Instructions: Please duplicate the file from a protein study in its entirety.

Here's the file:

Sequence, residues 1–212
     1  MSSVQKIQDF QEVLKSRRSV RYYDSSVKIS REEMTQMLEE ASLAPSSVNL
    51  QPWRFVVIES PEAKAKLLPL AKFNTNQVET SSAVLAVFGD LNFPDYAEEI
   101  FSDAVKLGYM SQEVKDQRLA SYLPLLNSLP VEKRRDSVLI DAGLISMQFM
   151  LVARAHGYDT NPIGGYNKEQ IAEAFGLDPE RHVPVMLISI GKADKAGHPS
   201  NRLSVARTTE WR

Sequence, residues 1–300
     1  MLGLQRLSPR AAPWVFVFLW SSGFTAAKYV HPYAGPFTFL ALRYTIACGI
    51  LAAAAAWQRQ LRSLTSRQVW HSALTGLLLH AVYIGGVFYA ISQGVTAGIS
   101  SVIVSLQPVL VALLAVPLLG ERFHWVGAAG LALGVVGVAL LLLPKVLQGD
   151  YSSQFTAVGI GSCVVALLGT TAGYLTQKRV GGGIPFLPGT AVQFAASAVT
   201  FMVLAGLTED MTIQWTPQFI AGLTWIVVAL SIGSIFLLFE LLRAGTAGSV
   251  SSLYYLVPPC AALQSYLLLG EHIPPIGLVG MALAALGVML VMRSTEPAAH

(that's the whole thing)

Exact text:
Sequence, residues 1–212
     1  MSSVQKIQDF QEVLKSRRSV RYYDSSVKIS REEMTQMLEE ASLAPSSVNL
    51  QPWRFVVIES PEAKAKLLPL AKFNTNQVET SSAVLAVFGD LNFPDYAEEI
   101  FSDAVKLGYM SQEVKDQRLA SYLPLLNSLP VEKRRDSVLI DAGLISMQFM
   151  LVARAHGYDT NPIGGYNKEQ IAEAFGLDPE RHVPVMLISI GKADKAGHPS
   201  NRLSVARTTE WR

Sequence, residues 1–300
     1  MLGLQRLSPR AAPWVFVFLW SSGFTAAKYV HPYAGPFTFL ALRYTIACGI
    51  LAAAAAWQRQ LRSLTSRQVW HSALTGLLLH AVYIGGVFYA ISQGVTAGIS
   101  SVIVSLQPVL VALLAVPLLG ERFHWVGAAG LALGVVGVAL LLLPKVLQGD
   151  YSSQFTAVGI GSCVVALLGT TAGYLTQKRV GGGIPFLPGT AVQFAASAVT
   201  FMVLAGLTED MTIQWTPQFI AGLTWIVVAL SIGSIFLLFE LLRAGTAGSV
   251  SSLYYLVPPC AALQSYLLLG EHIPPIGLVG MALAALGVML VMRSTEPAAH